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Small C Quick sort program ran on OpenVMS Blade Server much slower than on Windows or Linux

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kanchimo
Occasional Visitor

Small C Quick sort program ran on OpenVMS Blade Server much slower than on Windows or Linux

Dear everybody,

We try to run a simple C program as below:

#include <stdio.h>
#include <stdlib.h>  // qsort
#include <time.h>
int uint64cmpfunc ( const void * a, const void * b ) {
   return ( *(unsigned long long int*)a - *(unsigned long long int*)b );
}

unsigned long long int *uint64random( unsigned long int sizw ) {
    
    unsigned long int n;
    unsigned long long int *p;
    long int val1, val2;
    
    p = malloc( sizeof(unsigned long long int) * sizw );
    if( p == NULL )
    {
        fprintf( stderr, "could not alloc memory\n" );
        return NULL;
    }
    
    for( n = 0; n < sizw; ++n ) {
        val1 = random();
        val2 = random();
        p[n] = val2 + val1;
    }
    
    return p;
}

int main( int argc, char *argv[] )
{
    unsigned long int n = 50000000;
    unsigned long int i;
    unsigned long long int *vals = NULL;
    time_t begin, end;
    
    srand( time(NULL) );
    
    begin = time(NULL);
    vals = uint64random( n );
    end = time(NULL);
    
    fprintf( stdout, "random tooked: %ld seconds\n", end - begin );
    
    if( vals == NULL )
        return (-1);
    
 
    begin = time(NULL);
    qsort( vals, n, sizeof(unsigned long long int), uint64cmpfunc );
    end = time(NULL);
    
    fprintf( stdout, "sort tooked: %ld seconds\n", end - begin );
    
    free(vals);
    
    return 0;
}

It took us around 30s to finish qsort on our BL860c i2 with 96 GB RAM. However, on my Windows 10 laptop (4 GRAM), just take less than 1 second.

Do you have any idea about that?

Thanks,

Kanchimo

2 REPLIES
Hein van den Heuvel
Honored Contributor

Re: Small C Quick sort program ran on OpenVMS Blade Server much slower than on Windows or Linux

- check compiler options notably for optimizer and architecture settings.  OpenVMS tools default are typically on the safe and slow side.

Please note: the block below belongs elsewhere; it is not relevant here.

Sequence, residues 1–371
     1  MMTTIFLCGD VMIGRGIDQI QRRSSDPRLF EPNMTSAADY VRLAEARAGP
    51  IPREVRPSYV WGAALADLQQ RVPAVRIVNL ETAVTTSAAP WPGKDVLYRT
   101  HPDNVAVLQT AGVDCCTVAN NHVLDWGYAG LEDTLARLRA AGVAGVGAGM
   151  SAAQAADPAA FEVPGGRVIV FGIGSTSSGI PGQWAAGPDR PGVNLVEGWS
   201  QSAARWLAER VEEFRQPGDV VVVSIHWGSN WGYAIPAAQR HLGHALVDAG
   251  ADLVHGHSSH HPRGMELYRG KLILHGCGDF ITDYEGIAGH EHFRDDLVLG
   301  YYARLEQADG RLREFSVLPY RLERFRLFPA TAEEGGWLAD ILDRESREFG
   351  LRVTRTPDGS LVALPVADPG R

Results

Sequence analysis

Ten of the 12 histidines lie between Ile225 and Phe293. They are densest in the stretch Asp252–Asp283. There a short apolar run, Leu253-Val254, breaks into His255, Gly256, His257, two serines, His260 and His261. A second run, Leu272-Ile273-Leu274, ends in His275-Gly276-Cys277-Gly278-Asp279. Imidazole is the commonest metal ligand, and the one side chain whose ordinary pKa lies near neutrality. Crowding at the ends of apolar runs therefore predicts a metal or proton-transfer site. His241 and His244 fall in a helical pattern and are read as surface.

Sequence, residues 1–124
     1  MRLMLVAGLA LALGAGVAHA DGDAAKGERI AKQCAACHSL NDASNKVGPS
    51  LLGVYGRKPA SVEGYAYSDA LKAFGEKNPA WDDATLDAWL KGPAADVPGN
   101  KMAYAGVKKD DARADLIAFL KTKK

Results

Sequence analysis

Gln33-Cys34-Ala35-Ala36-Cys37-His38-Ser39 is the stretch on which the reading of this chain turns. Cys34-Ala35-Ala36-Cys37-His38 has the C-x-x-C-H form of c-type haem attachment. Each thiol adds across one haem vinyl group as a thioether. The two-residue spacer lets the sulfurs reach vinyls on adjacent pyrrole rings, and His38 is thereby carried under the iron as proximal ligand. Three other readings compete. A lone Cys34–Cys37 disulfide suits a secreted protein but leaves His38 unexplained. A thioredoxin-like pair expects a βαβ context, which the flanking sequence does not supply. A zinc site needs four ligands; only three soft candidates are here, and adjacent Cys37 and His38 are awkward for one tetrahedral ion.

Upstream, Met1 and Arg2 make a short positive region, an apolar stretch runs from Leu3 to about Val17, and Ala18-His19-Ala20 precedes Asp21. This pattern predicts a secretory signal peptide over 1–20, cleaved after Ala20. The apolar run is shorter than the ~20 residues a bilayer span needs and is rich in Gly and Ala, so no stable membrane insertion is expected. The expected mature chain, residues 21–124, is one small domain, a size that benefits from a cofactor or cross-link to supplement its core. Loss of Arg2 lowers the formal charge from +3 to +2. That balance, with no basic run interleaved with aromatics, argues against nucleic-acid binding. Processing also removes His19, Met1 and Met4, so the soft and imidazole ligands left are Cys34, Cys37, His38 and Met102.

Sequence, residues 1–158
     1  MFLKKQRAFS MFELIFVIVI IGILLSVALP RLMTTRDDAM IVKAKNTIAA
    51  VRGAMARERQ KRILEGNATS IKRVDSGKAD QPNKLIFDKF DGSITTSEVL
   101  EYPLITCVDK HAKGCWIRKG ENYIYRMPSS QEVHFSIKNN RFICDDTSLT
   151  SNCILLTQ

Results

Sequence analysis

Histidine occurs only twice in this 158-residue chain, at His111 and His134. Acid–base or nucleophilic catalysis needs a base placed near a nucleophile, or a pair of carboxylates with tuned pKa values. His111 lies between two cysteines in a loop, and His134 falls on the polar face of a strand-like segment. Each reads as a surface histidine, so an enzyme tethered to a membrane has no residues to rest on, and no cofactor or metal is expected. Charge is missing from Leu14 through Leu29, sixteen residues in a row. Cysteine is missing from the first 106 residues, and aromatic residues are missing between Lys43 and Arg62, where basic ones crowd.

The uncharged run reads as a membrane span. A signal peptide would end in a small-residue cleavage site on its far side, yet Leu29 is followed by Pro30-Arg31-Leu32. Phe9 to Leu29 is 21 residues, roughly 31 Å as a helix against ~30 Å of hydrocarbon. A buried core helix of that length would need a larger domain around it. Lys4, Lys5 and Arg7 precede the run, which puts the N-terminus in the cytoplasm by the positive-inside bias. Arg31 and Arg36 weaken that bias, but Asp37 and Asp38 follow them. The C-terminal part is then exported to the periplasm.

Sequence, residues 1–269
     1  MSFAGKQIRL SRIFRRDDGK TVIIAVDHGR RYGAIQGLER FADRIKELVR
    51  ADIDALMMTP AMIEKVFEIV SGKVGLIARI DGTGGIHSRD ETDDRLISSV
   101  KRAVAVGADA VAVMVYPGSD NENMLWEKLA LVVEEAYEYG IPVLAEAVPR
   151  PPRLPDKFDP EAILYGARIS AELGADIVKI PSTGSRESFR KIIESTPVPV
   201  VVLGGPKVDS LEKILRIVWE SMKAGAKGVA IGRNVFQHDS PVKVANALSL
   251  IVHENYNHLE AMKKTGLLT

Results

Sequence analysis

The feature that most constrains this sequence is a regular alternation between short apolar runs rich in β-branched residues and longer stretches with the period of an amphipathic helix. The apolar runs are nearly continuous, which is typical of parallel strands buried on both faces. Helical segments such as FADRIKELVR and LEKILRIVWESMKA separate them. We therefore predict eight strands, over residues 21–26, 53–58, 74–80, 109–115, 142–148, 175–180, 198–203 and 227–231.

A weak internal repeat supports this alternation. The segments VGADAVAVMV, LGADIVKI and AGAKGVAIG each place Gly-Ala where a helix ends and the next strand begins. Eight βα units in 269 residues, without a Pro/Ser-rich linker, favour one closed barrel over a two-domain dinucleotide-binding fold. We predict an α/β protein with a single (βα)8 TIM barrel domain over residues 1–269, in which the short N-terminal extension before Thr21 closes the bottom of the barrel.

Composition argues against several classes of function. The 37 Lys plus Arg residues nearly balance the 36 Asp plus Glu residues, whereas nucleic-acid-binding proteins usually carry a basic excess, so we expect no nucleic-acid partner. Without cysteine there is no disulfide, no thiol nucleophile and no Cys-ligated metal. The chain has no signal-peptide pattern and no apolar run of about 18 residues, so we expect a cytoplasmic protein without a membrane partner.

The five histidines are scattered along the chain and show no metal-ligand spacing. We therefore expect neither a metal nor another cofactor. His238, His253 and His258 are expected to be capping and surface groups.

- Where is the time going, and if CPU time which 'mode'  ($ MONI MODE) it should be 100% User-mode, but cosidering the size of the array there may be soft pagefaulting to access the whole array through a limites workgin set (again, openVMS starts with a safe but slow setting to make sure a user, out-of-the-box, cannot impact the whole server with other users too much.

50,000,000 elements of 64 bytes, that's 400MB right? So that could be bigger that your workingset(extend)

$ SHOW WORK

Hope this helps some,

And... it might just be slower.

If it is critical, then you may need a CPU profiler to see where the time is spend (moving, comparing,...)

Hein

 

 

Steven Schweda
Honored Contributor

Re: Small C Quick sort program ran on OpenVMS Blade Server much slower than on Windows or Linux

> - check compiler options notably for optimizer and architecture
> settings. [...]

   Around here, /OPTIMIZE=LEVEL=5 made approximately no difference.

its $ tcpip show version

  HP TCP/IP Services for OpenVMS Industry Standard 64 Version V5.7 - ECO 2
  on an HP rx2660  (1.59GHz/9.0MB) running OpenVMS V8.4

its $ cc /version
HP C V7.3-020 on OpenVMS IA64 V8.4    

its $ show work
  Working Set (pagelets)  /Limit=133600  /Quota=267200  /Extent=2103296
  Adjustment enabled      Authorized Quota=267200  Authorized Extent=2103296

  Working Set (8Kb pages) /Limit=8350  /Quota=16700  /Extent=131456
                          Authorized Quota=16700  Authorized Extent=131456

its $ cc qsort1 /obj = qsort1id
its $ link qsort1id

its $ cc qsort1 /obj = qsort1io /optimize=level=5
its $ link qsort1io

its $ r qsort1id
random tooked: 2 seconds
sort tooked: 32 seconds

its $ r qsort1io
random tooked: 1 seconds        (The random() loop may get little better.)
sort tooked: 32 seconds


> If it is critical, then you may need a CPU profiler to see where the
> time is spend (moving, comparing,...)

   Practically all the execution is in the CRTL: HELP CRTL qsort

> And... it might just be slower.

   Looks that way (to a casual observer).